As usual, I scrambled at the last minute for Christmas shopping.
Two of Great Wolf Resorts' water parks are underwater.
Manteca is a divided city.
It's more than just an acorn.
There is something deliciously ironic about the first operable segment of high speed rail in California being between Fresno and Bakersfield.
Christmas memories flavor our yuletide seasons for years to come. It was my hope to touch on the happier side of life no matter how simple it might have been at the time. The fact that some things of a positive nature can stay with us and be passed on to our children and often from generation to generation is a gift in itself.
Santa is a rank amateur when it comes to keeping tabs on you.
Allowing a tidal wave of discontent over "local" access to a 70,000-square-foot indoor water park capsize the proposed Great Wolf Resort wouldn't make any sense if the economic numbers really do work for Manteca.
I hurried outside into the parking lot of the Manteca Bulletin as I took a quick break from work. The time was 1:37 a.m., Tuesday, Dec. 21, 2010.
Great Wolf Resorts could - if the numbers work out - become the Mother Lode of all Manteca Redevelopment Agency endeavors.
Do not - I repeat - do not go hunting for a Christmas tree with someone who is pursuing a double major in engineering and architecture.
I was laying flat on my face inches from a 1,500 foot vertical drop along a ledge on the back side of the final leg of the trail up Mt. Whitney.
The ticking time bomb known as the Sacramento-San Joaquin Delta poses a serious threat to the economic future of California, the ability to feed much of this nation, and to preserve a key Pacific Coast estuary for both fowl and fish.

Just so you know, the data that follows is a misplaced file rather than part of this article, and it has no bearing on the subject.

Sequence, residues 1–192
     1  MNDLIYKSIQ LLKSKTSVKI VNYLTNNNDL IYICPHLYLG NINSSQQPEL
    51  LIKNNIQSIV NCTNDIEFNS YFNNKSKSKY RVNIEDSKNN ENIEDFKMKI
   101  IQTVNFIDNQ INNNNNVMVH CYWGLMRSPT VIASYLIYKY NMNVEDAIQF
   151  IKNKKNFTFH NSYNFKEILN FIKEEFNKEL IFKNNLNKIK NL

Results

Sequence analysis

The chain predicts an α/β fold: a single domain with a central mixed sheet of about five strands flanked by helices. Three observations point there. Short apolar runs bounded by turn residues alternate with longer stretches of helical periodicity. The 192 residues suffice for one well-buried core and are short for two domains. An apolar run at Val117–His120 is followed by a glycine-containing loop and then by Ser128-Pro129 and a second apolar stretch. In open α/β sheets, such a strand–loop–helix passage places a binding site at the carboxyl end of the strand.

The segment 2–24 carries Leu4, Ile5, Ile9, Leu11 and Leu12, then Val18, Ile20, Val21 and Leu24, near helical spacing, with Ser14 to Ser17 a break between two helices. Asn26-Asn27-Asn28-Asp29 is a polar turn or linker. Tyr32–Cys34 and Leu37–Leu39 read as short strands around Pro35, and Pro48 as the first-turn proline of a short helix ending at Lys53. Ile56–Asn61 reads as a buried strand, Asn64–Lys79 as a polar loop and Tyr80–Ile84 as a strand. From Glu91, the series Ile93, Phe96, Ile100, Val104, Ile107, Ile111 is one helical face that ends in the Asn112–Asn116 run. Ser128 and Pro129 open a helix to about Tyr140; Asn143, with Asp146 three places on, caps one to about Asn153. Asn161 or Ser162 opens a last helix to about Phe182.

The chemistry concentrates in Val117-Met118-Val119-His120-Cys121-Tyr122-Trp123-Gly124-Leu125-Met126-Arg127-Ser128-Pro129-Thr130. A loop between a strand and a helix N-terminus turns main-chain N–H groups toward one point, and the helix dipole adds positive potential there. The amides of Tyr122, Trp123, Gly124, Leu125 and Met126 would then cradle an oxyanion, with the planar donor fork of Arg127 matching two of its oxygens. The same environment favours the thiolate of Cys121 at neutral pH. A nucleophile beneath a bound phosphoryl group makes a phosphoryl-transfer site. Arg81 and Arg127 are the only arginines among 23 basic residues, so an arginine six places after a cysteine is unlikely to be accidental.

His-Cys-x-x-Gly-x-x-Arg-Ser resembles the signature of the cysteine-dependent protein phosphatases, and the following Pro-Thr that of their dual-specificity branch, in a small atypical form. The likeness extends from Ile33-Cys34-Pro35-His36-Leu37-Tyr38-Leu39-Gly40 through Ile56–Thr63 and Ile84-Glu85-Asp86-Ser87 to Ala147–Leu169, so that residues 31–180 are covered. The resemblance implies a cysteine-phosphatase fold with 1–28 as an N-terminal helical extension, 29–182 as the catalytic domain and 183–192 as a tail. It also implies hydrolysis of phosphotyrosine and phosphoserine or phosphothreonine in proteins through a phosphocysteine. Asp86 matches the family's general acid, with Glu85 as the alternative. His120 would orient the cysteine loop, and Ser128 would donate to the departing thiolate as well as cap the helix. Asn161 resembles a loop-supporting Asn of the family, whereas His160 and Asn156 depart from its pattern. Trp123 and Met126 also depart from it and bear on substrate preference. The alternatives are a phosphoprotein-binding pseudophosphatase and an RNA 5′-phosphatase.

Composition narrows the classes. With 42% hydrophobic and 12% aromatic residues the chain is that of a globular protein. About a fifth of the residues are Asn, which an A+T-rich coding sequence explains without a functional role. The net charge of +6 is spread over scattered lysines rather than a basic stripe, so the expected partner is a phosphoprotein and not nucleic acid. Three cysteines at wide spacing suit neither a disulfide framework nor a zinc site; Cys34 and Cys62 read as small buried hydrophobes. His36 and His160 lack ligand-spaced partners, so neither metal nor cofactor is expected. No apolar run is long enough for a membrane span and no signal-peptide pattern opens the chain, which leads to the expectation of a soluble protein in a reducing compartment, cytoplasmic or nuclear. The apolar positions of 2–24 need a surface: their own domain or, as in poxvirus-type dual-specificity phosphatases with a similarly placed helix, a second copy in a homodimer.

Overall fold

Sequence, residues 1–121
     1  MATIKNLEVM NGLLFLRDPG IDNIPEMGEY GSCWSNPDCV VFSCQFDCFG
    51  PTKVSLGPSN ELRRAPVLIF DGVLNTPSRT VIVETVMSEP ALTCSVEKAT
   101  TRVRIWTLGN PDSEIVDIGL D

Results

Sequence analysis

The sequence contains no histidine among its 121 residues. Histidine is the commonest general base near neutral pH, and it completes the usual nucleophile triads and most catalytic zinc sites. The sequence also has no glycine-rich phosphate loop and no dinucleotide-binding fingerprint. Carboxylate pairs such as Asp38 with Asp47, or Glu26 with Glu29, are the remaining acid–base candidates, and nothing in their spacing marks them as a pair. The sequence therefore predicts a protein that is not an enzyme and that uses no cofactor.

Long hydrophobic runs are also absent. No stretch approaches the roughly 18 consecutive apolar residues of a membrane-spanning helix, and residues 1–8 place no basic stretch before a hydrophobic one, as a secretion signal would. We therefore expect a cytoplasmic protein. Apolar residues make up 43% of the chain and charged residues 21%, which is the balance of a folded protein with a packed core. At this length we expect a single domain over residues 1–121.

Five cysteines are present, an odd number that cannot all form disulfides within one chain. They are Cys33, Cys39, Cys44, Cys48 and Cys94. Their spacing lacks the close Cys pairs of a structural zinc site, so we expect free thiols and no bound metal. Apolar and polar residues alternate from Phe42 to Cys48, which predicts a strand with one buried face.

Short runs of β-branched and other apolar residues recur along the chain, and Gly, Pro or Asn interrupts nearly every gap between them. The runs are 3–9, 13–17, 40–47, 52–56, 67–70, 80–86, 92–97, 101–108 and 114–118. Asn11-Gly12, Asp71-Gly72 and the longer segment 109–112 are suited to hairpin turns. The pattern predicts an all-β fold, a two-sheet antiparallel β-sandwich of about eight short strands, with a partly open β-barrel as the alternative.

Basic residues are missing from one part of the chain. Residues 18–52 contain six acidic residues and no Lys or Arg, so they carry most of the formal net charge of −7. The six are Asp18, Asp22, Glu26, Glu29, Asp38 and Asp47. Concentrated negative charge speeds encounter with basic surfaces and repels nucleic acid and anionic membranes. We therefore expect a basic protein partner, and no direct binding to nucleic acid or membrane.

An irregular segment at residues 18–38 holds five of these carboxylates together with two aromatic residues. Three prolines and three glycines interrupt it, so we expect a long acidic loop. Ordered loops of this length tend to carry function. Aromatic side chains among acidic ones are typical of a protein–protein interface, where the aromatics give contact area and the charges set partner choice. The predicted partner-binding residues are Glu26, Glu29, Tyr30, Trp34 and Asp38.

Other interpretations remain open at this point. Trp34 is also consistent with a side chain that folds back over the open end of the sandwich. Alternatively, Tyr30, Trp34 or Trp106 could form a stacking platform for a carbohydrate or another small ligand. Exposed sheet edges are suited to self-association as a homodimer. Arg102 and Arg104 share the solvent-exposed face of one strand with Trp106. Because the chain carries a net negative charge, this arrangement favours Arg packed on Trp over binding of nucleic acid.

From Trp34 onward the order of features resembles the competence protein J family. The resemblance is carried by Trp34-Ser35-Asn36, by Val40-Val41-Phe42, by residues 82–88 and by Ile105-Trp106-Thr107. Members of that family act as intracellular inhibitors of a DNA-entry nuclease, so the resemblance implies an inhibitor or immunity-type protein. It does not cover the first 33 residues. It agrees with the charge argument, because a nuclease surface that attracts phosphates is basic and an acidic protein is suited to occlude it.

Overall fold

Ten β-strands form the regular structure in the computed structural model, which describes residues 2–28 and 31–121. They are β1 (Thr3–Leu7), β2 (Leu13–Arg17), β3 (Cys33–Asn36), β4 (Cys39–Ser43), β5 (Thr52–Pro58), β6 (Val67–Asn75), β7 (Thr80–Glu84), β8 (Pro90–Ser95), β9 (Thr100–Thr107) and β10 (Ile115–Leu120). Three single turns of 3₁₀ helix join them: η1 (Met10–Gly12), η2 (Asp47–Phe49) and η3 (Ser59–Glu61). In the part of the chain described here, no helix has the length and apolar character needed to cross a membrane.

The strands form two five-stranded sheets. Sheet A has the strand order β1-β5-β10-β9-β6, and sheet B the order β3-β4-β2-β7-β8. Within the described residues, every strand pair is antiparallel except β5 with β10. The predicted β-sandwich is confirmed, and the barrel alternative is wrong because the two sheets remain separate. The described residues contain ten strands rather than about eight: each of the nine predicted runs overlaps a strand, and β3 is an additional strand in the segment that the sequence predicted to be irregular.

Sadie Cabral was a classy lady who loved making people smile.
Justice is bittersweet.
Water, without a doubt, is perhaps the biggest issue facing California.
What's a bigger threat to your life: Someone driving a car or a madman with a gun?
I've finished my first semester at Columbia College Chicago and lived in the "Windy City" for three months. My last column, printed Oct. 2, was written during my second week at school, so I was a little off on some things (the "crazy" weather - while it may be colder, the weather isn't that bad) and spot-on with other comparisons (most notably the "goat as exotic as a hippopotamus" proclamation).
There is a school of thought that the Manteca City Council has the power – or should have the power – to dictate exactly what businesses can and can't open in Manteca.
If you live in Lathrop, southwest Manteca or Weston Ranch and you're against growth then you'd better get ready to spend a lot of money if you get your wish.
Just how thin is the thin blue line?
While serving as Chairman of the San Joaquin County Board of Supervisors this past year, I've witnessed many challenges facing our region, as well as tremendous progress and significant achievements. The Board has taken numerous actions over the past year to set San Joaquin County on an exciting path toward continuing financial stability, cutting-edge innovation, and becoming a magnet for economic development and new jobs.
He seemed a nice enough of a young man.
Old-fashioned Americana, some claim, is passé.
The world isn't just about you or I.
Martha Grisham was truly a big part of Manteca's heart and soul through much of her 91 years before she passed away on Christmas Eve.
Pain is relative. In my case it's a first cousin.
It was there, stark as heck.
Forgive me for not jumping up and down and screaming "First Amendment rights" as some of the jubilant folks did who managed to secure a ticket for the first showing of "The Interview" on Christmas Day.
Bob McBrian was a unique fixture at Ripon's Veterans' Museum.